Diet counseling is the process of treating kidney diseases with good nutrition and a healthy diet. Specifically, the kidneys are responsible for removing waste products from your blood. However, damaged kidneys can no longer filter harmful waste products, which start accumulating in your blood. This can make you feel sick or fatigued, causing other health problems further down the line.
To avoid this situation, a diet counselor prepares a renal diet for dialysis patients to reduce the amount of toxic waste building up between dialysis treatments. Following a renal diet may also help slow down the progression of kidney failure by promoting kidney function.
During nutritional counseling, your therapeutic nutritionist teaches you the best food choices for your medical condition, based on your medicines, lab tests, and your lifestyle in general.
What to Eat on Your Renal Diet
A renal diet should be low in sodium, potassium, phosphorus, and fluids, with moderate amounts of high-quality protein. You may also need to limit calcium intake, based on the specific condition of your kidneys.
Every patient suffering from kidney disease is different, which is why it is important for you to talk to a diet counselor who can create a renal diet plan tailored to your needs.
Damaged kidneys can find it difficult to remove potassium from your blood. As a result, the potassium levels in your blood can get higher than usual, leading to cardiac arrest, muscle weakness, and even death. Therefore, it’s vital to limit the amount of potassium in your diet by:
- Choosing fresh fruits and vegetables that are lower in potassium, including apples, carrots, peaches, green beans, and wheat cerealsLimiting potassium-rich foods, such as kiwis, oranges, tomatoes, beans, potatoes, avocados, and bananas
- Draining canned fruits and vegetables before eating them
- Restricting milk and dairy products to 8 oz per day
- Avoiding salt substitutes, which can be rich in potassium
Since kidney disease does not allow your kidneys to adequately expel excess sodium and fluids from your body, your renal diet should be low in sodium. You can monitor your sodium intake by:
- Eating fresh food more often
- Replacing salt with herbs, spices, and sodium-free or low-sodium seasonings
- Using hot pepper sauce, lemon juice, and other alternative seasonings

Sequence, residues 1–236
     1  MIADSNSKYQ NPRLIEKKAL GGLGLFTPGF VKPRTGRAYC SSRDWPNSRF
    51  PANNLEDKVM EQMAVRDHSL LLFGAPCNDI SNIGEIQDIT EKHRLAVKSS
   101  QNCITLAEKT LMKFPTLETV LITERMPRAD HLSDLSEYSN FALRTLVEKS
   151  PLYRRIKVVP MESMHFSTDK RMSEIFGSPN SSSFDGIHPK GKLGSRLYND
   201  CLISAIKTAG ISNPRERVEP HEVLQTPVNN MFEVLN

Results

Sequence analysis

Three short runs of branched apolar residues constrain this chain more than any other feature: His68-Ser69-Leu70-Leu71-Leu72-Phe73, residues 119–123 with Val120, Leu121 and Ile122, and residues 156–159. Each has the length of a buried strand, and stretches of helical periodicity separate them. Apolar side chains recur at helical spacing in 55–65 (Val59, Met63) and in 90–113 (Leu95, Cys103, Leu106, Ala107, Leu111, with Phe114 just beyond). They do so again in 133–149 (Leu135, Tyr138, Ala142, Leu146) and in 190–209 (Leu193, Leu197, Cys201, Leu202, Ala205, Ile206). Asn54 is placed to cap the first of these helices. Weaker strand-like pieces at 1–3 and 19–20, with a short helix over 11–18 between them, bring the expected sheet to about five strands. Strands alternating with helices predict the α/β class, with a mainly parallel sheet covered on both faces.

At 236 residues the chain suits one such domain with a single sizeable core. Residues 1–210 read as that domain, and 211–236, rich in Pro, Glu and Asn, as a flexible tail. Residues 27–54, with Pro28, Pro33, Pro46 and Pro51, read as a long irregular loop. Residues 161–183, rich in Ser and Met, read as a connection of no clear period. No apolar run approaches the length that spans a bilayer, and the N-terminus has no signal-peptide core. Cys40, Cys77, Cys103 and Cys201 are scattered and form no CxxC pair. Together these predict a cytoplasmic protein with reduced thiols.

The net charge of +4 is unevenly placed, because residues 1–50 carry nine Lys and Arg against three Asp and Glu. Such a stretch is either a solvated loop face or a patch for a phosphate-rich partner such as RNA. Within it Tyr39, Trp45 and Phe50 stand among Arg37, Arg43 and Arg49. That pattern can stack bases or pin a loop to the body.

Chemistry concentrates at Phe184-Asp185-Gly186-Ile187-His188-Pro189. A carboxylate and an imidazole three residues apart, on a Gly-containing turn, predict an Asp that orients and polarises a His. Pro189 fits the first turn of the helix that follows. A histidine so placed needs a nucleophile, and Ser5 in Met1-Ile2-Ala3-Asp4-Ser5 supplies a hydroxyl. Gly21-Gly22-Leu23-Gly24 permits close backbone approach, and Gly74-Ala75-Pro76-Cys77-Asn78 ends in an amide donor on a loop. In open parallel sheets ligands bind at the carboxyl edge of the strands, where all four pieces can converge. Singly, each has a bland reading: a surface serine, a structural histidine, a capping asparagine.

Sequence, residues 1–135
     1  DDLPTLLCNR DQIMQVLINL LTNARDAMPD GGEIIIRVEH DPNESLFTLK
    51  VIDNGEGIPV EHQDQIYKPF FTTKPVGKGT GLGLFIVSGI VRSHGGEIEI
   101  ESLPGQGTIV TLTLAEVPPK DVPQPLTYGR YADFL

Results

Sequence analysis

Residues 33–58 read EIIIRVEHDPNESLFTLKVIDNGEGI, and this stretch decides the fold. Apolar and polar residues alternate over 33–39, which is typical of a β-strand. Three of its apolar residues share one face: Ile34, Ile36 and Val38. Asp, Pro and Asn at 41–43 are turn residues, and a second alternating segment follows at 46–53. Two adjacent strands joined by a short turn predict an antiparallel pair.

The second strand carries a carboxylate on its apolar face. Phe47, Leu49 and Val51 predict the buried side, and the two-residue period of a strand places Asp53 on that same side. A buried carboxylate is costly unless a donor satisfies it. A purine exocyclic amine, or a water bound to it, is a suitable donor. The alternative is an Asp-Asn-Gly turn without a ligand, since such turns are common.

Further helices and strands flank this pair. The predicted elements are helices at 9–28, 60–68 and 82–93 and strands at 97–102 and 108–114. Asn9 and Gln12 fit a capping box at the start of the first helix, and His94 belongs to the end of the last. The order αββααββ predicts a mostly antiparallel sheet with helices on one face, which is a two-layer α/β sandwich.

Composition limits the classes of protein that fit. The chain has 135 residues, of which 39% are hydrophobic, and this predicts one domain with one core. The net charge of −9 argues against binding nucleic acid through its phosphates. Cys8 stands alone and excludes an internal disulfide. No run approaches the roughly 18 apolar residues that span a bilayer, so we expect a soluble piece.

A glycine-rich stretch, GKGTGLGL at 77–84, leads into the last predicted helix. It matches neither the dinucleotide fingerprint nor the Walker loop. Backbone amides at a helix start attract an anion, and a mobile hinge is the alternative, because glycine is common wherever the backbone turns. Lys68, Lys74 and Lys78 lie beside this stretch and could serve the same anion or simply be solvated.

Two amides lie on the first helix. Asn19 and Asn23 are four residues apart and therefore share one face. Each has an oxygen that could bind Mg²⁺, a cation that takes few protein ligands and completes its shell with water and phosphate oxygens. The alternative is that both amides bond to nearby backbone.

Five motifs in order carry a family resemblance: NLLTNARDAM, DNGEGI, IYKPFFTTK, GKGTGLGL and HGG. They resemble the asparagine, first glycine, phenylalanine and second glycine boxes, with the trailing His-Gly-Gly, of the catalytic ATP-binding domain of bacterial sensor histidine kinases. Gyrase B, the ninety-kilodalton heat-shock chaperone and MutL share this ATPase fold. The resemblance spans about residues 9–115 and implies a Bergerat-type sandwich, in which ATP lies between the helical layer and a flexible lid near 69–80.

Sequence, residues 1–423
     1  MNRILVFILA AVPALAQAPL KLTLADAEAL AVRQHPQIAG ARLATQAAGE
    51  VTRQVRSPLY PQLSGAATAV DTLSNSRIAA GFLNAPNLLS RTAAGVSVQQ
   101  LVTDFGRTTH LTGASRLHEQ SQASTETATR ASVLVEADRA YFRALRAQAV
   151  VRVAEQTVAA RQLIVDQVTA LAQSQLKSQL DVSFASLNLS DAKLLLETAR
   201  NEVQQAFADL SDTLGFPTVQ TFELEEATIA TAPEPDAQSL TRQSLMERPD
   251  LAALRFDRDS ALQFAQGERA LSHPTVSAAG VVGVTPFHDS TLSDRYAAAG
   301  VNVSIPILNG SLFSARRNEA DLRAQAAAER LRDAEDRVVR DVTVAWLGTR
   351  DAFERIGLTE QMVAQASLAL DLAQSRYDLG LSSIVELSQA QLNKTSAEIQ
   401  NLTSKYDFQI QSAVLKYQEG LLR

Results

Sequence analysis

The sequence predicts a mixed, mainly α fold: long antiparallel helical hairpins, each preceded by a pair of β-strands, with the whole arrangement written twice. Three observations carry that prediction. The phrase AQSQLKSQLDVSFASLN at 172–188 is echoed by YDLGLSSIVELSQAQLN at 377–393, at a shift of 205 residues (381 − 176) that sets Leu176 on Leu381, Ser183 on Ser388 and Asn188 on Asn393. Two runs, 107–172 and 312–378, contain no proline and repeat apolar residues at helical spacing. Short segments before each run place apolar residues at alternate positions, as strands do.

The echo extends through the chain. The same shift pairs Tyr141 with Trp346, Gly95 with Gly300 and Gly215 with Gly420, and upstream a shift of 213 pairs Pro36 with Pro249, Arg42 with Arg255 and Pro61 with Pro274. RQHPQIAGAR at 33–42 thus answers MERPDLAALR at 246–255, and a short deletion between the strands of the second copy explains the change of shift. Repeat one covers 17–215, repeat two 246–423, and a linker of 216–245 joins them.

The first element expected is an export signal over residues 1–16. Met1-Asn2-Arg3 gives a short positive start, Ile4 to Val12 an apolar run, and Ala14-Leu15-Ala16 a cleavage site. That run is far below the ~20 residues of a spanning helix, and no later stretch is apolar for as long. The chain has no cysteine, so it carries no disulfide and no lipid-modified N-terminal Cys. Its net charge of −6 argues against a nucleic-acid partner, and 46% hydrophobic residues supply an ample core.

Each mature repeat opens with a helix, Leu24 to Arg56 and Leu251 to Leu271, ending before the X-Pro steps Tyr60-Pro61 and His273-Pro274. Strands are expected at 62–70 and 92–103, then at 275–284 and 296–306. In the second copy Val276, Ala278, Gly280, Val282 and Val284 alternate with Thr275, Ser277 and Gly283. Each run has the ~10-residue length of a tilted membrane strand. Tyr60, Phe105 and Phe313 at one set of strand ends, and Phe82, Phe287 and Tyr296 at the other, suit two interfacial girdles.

- Cooking food at home from the start, instead of choosing prepared, frozen, or canned foods (that are high in sodium)
- Thoroughly rinsing canned food with water before eating
- Keeping away from processed foods
It can be difficult to limit food with phosphorus, as the same food contains much-required protein. Even so, here are some tips to keep your phosphorus levels within a safe range:
- Pick fresh meats and other packaged foods without added phosphorus
- Eat fresh fruits and vegetables
- Avoid dairy foods, nuts, lentils, oatmeal, fish, and beans
- Choose rice, rice milk (not enriched), rice cereals, breads, and corn
Unfortunately, dialysis or a diet alone might not be able to keep your phosphorus levels down easily. In that case, your nephrologist or renal nutrition counselor may prescribe a phosphate binder that you need to take with meals.
Protein helps your body produce waste that your kidneys remove. The more protein you take, the harder your kidneys may have to work to move out the waste produced.
The proper amount of protein to be consumed differs with each stage of the disease for CKD patients. You need to eat the right combination of protein foods for your specific stage of the disease, according to your renal nutrition counselor or nephrologist.
- Eat low-fat and low-phosphorus meats, such as chicken or roast beef
- Consult your renal dietitian to check if you can fit milk (good source of protein, but high in potassium and phosphorus) into your diet
At Nephrology Consultants, P.A., you will receive one-on-one diet counseling for kidney disease. Our nephrologists and registered dietitians (RDs) are here to help address any concerns you may have. We can assist you with diet and nutrition counseling by:
- Conducting accurate nutritional assessments for patients with Chronic Kidney Disease (CKD)
- Regular blood check-ups to ensure normal potassium, sodium, and phosphorus levels
- Suggestions for dietary changes to help you meet your sodium, potassium, phosphorus, and protein requirements
- Food plan-building according to your renal treatment plan
Choose the right foods in the right amounts with tailored diet counseling by Nephrology Consultants, P.A. We are present in various locations in Delaware.